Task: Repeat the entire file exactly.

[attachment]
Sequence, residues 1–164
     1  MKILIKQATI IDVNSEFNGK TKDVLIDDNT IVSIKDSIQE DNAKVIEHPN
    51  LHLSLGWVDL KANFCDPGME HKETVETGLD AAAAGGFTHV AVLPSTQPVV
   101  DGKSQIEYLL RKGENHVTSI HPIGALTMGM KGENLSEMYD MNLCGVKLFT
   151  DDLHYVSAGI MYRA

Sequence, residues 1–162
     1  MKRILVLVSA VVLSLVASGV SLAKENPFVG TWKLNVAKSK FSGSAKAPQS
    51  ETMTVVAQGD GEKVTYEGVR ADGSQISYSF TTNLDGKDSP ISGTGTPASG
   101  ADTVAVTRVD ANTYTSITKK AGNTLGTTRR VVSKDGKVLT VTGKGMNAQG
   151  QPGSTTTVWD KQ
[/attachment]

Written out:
Sequence, residues 1–164
     1  MKILIKQATI IDVNSEFNGK TKDVLIDDNT IVSIKDSIQE DNAKVIEHPN
    51  LHLSLGWVDL KANFCDPGME HKETVETGLD AAAAGGFTHV AVLPSTQPVV
   101  DGKSQIEYLL RKGENHVTSI HPIGALTMGM KGENLSEMYD MNLCGVKLFT
   151  DDLHYVSAGI MYRA

Sequence, residues 1–162
     1  MKRILVLVSA VVLSLVASGV SLAKENPFVG TWKLNVAKSK FSGSAKAPQS
    51  ETMTVVAQGD GEKVTYEGVR ADGSQISYSF TTNLDGKDSP ISGTGTPASG
   101  ADTVAVTRVD ANTYTSITKK AGNTLGTTRR VVSKDGKVLT VTGKGMNAQG
   151  QPGSTTTVWD KQ